Usually we start a month with a preview of the three trendlettes we’ll be monitoring in the weeks that follow, but recent developments convinced us a special mid-month installment was needed. Here are three ripples that could surge into full-fledged trends before the February page is torn off the calendar.
Salad bars 2.0
A key component of Ruby Tuesday’s strategy to invigorate sales and traffic is a reinvention of its Garden Bar, a strong draw for the chain before it undertook a disastrous push into pricier market territory. Today, the venerable casual brand lifted the curtain on the revamp: a buffet-like spread sporting 70 items, more than double the 34 selections that were previously offered.
Included in the array are fruits, hummus and dips, along with more raw and marinated vegetables. Each is freshly prepared, and the ingredients can be topped with one of 10 new dressings made in-house.
The expanded spread is currently available only in Ruby Tuesdays in Atlanta. It’s priced at $9.99 for unlimited visits, or $3.99 as an add-on to an entree. Kids can load their plates at the salad bar on Tuesday nights for free.
Ruby isn’t the only operation that’s giving the salad bar a refreshing. This week Chicago multi-concept operator Brendan Sodikoff opened a new restaurant called 3 Greens Market, where hot and cold salad bars are the stars.
Eater.com called the spread “epic,” and noted that it extends to such in-vogue items as meatballs. Users pay $9.95 a pound for what they mound on their plates.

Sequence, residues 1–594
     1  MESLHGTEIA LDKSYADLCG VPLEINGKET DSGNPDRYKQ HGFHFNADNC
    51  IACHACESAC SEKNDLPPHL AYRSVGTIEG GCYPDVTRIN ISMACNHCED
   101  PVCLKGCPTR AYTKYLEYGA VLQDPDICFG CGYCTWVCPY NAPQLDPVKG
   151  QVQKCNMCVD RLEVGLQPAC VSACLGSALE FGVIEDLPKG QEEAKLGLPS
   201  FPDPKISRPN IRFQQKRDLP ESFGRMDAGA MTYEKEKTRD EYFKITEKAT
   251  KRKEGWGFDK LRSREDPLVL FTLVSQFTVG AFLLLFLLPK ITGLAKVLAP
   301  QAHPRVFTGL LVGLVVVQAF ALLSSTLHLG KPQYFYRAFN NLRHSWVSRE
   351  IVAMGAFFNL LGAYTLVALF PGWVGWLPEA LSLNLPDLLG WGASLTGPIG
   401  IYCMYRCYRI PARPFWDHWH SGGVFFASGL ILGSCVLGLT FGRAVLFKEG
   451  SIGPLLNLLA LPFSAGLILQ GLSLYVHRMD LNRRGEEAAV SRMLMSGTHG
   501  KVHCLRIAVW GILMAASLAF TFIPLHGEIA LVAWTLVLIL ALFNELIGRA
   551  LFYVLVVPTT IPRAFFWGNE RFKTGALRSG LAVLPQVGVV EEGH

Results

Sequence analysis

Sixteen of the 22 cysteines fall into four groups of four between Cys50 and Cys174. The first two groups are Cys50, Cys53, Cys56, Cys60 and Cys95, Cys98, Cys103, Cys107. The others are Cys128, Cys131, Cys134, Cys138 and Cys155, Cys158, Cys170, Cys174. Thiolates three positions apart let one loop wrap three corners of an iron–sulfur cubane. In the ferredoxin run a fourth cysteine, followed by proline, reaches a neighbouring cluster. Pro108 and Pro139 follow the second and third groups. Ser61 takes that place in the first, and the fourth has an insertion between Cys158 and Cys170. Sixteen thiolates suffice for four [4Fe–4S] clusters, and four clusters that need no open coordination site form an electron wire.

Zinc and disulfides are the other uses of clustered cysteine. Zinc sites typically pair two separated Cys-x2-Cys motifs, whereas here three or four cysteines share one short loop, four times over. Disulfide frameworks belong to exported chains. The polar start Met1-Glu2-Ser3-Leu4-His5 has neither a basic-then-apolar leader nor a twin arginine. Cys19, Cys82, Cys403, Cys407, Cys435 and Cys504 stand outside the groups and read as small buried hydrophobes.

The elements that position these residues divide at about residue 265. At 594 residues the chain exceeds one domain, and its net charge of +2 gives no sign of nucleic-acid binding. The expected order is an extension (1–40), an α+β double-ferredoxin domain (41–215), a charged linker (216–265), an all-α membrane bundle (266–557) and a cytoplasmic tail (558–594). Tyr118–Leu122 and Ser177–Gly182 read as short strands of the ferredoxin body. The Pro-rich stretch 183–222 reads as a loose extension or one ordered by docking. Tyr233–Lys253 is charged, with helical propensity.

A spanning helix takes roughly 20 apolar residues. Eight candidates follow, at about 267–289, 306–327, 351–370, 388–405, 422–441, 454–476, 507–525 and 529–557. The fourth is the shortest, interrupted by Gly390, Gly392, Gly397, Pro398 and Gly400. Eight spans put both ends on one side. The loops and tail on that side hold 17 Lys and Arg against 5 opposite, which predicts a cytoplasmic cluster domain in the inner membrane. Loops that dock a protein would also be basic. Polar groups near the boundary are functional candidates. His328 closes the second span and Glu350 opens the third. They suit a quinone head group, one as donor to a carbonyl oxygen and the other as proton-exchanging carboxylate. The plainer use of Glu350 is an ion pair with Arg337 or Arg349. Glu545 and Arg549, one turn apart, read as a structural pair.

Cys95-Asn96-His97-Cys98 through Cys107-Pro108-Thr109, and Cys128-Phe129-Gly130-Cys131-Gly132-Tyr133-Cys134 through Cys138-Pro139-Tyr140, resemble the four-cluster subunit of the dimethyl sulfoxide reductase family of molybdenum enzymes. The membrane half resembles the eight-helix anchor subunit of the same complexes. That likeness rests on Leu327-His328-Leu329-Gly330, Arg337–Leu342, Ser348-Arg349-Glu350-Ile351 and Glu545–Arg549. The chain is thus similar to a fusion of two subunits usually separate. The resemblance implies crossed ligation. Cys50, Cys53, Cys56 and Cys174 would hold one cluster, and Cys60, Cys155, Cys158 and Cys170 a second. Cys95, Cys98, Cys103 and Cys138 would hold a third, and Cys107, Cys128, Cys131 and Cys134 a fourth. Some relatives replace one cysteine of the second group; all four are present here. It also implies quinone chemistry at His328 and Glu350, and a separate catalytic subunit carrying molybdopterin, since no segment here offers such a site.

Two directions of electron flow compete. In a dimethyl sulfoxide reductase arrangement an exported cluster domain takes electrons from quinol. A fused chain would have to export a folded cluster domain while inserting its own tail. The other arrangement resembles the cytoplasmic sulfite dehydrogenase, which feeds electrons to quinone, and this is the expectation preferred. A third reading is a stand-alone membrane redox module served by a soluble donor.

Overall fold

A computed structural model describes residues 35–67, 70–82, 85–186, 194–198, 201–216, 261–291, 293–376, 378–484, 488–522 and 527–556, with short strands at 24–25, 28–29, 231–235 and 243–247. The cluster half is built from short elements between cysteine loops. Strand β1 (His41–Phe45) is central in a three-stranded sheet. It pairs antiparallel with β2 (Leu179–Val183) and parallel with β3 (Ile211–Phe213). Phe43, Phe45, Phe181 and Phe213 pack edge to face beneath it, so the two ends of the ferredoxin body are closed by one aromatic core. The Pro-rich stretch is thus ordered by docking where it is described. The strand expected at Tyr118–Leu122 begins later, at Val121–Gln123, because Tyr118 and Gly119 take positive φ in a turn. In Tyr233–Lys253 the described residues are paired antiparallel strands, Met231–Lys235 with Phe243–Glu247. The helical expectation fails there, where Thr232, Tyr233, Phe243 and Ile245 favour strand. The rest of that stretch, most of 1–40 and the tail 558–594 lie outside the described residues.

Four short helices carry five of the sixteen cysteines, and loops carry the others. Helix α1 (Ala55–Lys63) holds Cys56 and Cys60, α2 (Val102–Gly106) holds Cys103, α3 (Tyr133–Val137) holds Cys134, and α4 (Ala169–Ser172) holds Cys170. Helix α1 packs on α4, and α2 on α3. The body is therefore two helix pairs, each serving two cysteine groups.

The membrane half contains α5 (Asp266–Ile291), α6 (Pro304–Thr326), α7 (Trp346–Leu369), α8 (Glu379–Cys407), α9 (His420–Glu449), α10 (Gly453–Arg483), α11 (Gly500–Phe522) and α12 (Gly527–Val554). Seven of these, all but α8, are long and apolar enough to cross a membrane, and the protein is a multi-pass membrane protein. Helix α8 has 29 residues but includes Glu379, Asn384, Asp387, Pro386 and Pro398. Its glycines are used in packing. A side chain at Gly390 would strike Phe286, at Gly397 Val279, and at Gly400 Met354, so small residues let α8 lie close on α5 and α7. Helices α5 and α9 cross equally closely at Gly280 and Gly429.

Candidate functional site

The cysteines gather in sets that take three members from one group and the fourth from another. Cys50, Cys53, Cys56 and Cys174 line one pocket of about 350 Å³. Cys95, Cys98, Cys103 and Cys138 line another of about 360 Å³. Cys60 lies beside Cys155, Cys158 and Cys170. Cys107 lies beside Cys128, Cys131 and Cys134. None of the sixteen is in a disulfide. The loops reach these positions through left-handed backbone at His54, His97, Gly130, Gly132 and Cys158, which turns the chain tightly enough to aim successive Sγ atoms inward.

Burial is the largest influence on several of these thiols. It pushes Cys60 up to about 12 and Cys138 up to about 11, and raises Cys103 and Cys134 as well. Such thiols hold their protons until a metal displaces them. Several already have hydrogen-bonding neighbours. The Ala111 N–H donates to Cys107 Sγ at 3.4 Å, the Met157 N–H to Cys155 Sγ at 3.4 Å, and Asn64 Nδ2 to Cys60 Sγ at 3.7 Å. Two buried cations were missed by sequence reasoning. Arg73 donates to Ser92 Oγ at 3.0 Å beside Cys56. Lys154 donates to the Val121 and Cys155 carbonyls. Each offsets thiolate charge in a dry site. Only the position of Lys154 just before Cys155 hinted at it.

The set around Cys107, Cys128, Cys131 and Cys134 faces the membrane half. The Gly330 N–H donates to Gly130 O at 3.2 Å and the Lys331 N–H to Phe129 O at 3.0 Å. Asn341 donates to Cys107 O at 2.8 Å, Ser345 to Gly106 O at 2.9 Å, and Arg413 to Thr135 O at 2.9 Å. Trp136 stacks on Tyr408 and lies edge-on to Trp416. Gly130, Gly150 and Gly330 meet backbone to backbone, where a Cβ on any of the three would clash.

Several restaurant chains are trying to be heard above a din of promises from consumer-product companies by tacking on a money-back guarantee. Customers of the Sonic Drive-In chain, for instance, are assured in a new commercial that they’ll get be served a burrito-and-drink combo meal in less than two minutes or the $3 charge for the meal is apparently waived.
The service guarantee follows Papa John’s pledge last week to provide customers with a second pizza at no charge if a first one didn’t meet their expectations. But there’s considerable fine print to the offer. The dissatisfaction has to be a result of certain production shortcomings, like the pie being burnt or under-cooked or the serving of toppings being skimpier than expected. No more than two slices of the pie can be eaten, and the complaint has to be lodged within 30 minutes of the unacceptable pizza’s delivery.
Topper’s Creamery, a soft-serve ice cream chain, is extending its guarantee to a different sort of customer: prospective franchisees. New operators of a scaled-down Topper’s Creamery Express will make a $5,000 profit during their units’ first year of operation or they’ll be cut a check for that amount by the franchisor. Either way, the franchisee won’t lose the $5,000 upfront fee they paid for rights to operate an Express.
Black Restaurant Weeks
Coordinated promotions of local restaurants have become so commonplace that now some cities are starting to diversify their weeklong celebrations. Chicago, for instance, followed up its regular restaurant week in January with Black Restaurant Week, whereby 15 establishments owned and operated by African-Americans offered discounts to entice first-time visitors.
A similar Black Restaurant Week will be held in Nashville, Texas next month and in Houston in April.
Some of the more senior members of the team smile at the junior staff who are excited to uncover an interesting trend in “eatertainment” or the latest single-ingredient concept. We try not to be condescending when we suggest they do some research by looking at past issues of Restaurant Business or old Technomic top chain reports before calling it the next big thing.